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>> what i remember most about him is the feeling of him. his energy, how it felt to be in his presence. >> reporter: and now, we're learning bruce lee the fighter was also bruce lee the philosophical writer. >> i don't think a lot of people understand the depth of his character. his knowledge, and what was really foundational about the man, which was his philosophy. >> reporter: these are some of your feat's writings. >> yes. >> reporter: and in the mid-20s, shannon found essays her father left behind, including one that he rewrote during the last year of his live. >> above all, actual wising myself to be an artist of life.
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>> reporter: what do you make of the fact he has nine drafts? >> he's in t he's working it out on the page. he has crossed out things and written in other words, in different pen colors. it was a moment in time for him to very intentionally try to communicate who is bruce lee? what is he really about. >> reporter: it was a difficult moment in his life. he was achieving a goal of making a mainstream hollywood film. the 1973 classic, "enter the dragon." but shannon says the studio wanted to take out all of the philosophical elements he insisted on adding to the script. >> and he fought. he fought with the writers. he fought with the producers. he said, no. i am not coming on to set until you guarantee me that this is going to be in the film. >> reporter: he got his way. >> he got his way. >> it is like a finger pointing away to
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don't concentrate on the finger or you will miss all that heavenly glory. >> reporter: what a gift this must be for you, as a daughter, who lost your father, to have all of this. >> reporter: finding this gift came with a great loss. >> right before my 24th birthday, my brother was killed. and that plummeted me into quite a depression for many years. >> this way, you'll always remember. >> reporter: 28-year-old brandon lee died in 1993, after being shot on the set of the movie "the crow." shannon felt comfort in her father's words. >> i came across this quote that started with, the medicine for my suffering, i had within me. a and i remember it hitting me so clearly in the chest. you have the ability to shift out of
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you just have to look for the path and find the way. and so, i did. hi, everyone. this is shannon lee. >> reporter: she is now share herring father's philosophy with the world, through her podcast. >> he had his quote, you know, under the sky, under the heavens, we're all one family. >> reporter: they've been downloaded more than 1.3 million times. >> mostly millennials. it's mostly young people. it thrills me that people are grabbing on to the philosophy. they're getting the message. they're getting to know who he is, beyond the movies. >> the cbs overnight news will be right back.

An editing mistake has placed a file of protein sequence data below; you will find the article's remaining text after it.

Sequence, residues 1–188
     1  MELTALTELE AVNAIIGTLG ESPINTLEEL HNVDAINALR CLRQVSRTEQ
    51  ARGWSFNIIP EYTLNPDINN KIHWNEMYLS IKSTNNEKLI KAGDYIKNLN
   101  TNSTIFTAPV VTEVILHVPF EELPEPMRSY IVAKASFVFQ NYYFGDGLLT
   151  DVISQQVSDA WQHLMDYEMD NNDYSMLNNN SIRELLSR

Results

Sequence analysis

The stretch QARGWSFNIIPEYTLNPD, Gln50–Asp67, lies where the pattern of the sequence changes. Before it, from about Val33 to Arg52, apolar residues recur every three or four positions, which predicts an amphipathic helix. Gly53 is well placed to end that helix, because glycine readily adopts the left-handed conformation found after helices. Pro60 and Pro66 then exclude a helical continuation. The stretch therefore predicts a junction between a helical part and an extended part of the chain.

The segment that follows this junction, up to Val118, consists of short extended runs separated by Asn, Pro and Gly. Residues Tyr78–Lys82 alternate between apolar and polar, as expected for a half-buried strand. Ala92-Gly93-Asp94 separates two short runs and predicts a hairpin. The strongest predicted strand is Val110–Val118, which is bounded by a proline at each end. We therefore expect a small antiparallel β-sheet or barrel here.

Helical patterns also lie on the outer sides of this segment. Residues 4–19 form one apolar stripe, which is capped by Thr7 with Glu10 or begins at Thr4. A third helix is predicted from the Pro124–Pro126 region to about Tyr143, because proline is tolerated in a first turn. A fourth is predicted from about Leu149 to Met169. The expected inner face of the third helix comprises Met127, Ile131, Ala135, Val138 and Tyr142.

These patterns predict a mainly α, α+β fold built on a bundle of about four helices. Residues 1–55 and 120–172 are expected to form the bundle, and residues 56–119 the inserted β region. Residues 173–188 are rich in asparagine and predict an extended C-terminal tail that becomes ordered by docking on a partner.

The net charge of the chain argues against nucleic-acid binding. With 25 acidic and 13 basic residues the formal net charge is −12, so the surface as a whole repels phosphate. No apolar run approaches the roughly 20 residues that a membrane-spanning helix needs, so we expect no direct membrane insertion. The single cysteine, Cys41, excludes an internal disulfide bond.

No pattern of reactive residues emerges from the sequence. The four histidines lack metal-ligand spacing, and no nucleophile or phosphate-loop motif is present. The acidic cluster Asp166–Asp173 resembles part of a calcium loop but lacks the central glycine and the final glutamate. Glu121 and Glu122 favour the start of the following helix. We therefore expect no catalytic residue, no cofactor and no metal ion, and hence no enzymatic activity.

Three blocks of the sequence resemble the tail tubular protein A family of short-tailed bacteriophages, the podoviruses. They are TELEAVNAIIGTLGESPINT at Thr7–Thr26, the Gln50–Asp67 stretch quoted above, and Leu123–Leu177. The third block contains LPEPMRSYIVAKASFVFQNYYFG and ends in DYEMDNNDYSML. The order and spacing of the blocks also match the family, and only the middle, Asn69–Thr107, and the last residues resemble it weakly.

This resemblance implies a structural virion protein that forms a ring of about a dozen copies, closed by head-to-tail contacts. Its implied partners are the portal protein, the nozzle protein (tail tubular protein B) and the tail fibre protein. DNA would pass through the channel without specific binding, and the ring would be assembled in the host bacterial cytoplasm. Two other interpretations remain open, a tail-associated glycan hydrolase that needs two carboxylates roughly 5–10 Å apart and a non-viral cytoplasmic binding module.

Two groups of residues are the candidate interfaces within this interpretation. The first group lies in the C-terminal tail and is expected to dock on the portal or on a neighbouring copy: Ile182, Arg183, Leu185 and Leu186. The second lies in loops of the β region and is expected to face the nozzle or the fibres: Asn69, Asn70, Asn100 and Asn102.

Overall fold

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the raiders to leave oakland and start playing in sin city. >> reporter: the image of this city has changed over the decades. and apparently, that's part of the reason why the nfl approved the move. the city's formerly seedy reputation has shifted. and now, the city is known as a big-league entertainment capital, hopefully ready for a big-league football team. it's been a long time coming for these las vegas sports fans. the city is finally home to an nfl franchise. >> raid deers the. >> va caegas is the best thing ra
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roge t oakland, vegas offered $750ba o $650 million loan. but the biggest incentive, a new 65,000-seat domed stadium. raiders owner, mark davis, said the decision wasn't easy. >> i love the fans in oakland. there's going to be disappointment and some anger. >> this is a royal slap in the face. >> reporter: these oakland raider fans will have the loyalties tested over the next two years. the team will be playing in northern california, while the new las vegas stadium is being built. >> there are fans who oakland who will relish the opportunity to continue to support the team in its last years in oakland. there will be fans who say no thank you. >> reporter: but the phrase no thank you is familiar to vegas sports fans. both the utah jazz and oakla
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athletics had reportedly n of that was, perhaps, there was something untowa or unseemly about it. >> i think theed a version to vegas was ant vegas antiquated. that's the news for this wednesday. for some of you, the news continues. for others, check back later for the morning news and "cbs this morning." from the broadcast center in new york city, i'm don dahler.
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story that first gained national attention after an investigation by "60 minutes." the sexual abuse of american female gymnasts. tuesday, victims told congress the stories they had kept secret for years out of fear. legislation is in the works to protect future victims. we have the new developments from capitol hill. >> i want the women who testified to know how very proud i am of you for standing up. i know how hard it is. >> reporter: senators called today's testimony an act of bravery. elite
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by some in the gymnastics community for disturbing issue to light. now, i know i'm not alone. >> reporter: jessica howard says she was 15 when the doctor abused her. >> my postgymnastics life has been fraught with the abuse i experienced as a teenager. >> reporter: the national governing body for the sport has been embroiled. allegations against gymnastic coaches that prompted more than 100 young women, including howard and dancher, to come forward about nasser. usa gymnastics was a no-show at today's hearing. that